A pilot study of potential brain donor satisfaction and attitudes towards telephone assessment

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Abstract

Objective

Test the feasibility of assessing cognition, psychiatric symptoms and daily living skills of potential brain donors by telephone and compare satisfaction and attitudes across telephone and face-to-face assessment.

Method

Data were collected from 108 healthy participants from the Brains for Dementia Research cohort. Purposive sampling was used to assess feasibility and a randomised control trial design compared satisfaction and attitudes towards telephone and face-to-face assessment. Non-parametric tests were conducted to compare groups, and logistic regression was performed to assess the relationship between satisfaction and participant characteristics.

Results

Of the 80 participants offered telephone assessment, 67 (83.8%) agreed, 2 (2.5%) had a significant hearing impairment, 4 (5.0%) had potential memory problems and 7 (8.7%) declined. On average, telephone assessments lasted 38 min and duration was negatively associated with Telephone Interview of Cognitive Status-Modified scores (p = 0.001) and positively associated with age (p = 0.040), Neuropsychiatric Inventory scores (p = 0.019), Geriatric Depression Scale (p = 0.035) and Global Deterioration Scale (p = 0.022). Satisfaction was high in respect to organisational and personal aspects; ratings did not differ significantly across telephone and face-to-face assessment groups and were not related to socio-demographic characteristics. Participants undergoing telephone assessment were significantly more likely to hold positive attitudes towards this mode of assessment.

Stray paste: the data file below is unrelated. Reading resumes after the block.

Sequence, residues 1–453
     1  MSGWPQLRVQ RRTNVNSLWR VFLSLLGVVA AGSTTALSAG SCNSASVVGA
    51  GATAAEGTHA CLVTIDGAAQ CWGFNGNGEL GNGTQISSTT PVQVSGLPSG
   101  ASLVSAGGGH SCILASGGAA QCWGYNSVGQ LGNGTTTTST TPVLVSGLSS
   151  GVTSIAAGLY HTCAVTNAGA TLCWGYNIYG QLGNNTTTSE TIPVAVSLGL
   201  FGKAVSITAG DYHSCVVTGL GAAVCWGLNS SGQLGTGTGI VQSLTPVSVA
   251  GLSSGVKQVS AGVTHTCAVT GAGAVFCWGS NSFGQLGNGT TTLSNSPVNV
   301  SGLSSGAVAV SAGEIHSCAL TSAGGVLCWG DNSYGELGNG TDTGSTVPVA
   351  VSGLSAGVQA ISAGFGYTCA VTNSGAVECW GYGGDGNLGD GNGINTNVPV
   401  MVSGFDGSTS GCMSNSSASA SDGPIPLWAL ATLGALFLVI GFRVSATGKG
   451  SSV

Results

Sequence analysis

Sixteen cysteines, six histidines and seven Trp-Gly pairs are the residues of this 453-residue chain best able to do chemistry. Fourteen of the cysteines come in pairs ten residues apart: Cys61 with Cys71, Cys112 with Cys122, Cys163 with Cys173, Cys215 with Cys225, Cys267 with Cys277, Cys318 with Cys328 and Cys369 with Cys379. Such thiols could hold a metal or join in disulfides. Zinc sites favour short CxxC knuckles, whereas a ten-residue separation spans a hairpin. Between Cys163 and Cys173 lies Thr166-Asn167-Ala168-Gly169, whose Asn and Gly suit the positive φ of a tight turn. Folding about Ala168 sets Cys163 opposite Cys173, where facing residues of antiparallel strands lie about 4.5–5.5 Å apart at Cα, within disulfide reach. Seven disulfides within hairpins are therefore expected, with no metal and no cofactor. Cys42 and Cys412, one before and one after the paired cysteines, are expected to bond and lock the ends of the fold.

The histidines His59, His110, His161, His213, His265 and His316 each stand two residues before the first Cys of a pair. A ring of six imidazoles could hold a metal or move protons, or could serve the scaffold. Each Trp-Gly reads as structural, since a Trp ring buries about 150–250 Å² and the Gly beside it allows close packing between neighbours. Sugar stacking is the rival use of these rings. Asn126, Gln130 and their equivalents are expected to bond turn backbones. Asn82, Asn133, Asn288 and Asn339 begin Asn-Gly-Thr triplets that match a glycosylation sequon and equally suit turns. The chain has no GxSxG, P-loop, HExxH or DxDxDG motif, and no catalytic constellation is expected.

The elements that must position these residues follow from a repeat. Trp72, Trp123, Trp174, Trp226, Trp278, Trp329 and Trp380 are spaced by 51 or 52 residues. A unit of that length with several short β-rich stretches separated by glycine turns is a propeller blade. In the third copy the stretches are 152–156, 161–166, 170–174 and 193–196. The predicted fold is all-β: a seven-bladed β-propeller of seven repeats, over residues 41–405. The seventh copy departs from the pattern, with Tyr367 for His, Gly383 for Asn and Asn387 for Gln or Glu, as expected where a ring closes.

Conclusions

Telephone assessment is feasible, time-efficient and acceptable to healthy, potential brain donors. When used with other assessment modes and within the context of established contact, telephone assessment offers greater flexibility to researchers and participants and represents an effective mechanism for overcoming the challenges of growing, ageing cohorts and uncertain resources. Copyright © 2016 John Wiley & Sons, Ltd.

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